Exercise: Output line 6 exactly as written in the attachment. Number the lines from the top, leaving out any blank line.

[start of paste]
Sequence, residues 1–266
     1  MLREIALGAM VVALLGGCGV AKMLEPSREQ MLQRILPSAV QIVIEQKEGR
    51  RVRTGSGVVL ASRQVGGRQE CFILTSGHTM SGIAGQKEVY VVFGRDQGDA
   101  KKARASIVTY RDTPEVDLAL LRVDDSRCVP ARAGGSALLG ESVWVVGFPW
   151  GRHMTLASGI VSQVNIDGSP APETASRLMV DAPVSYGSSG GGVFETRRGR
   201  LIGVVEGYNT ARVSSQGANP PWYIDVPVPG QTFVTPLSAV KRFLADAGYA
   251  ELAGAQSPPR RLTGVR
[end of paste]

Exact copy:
   201  LIGVVEGYNT ARVSSQGANP PWYIDVPVPG QTFVTPLSAV KRFLADAGYA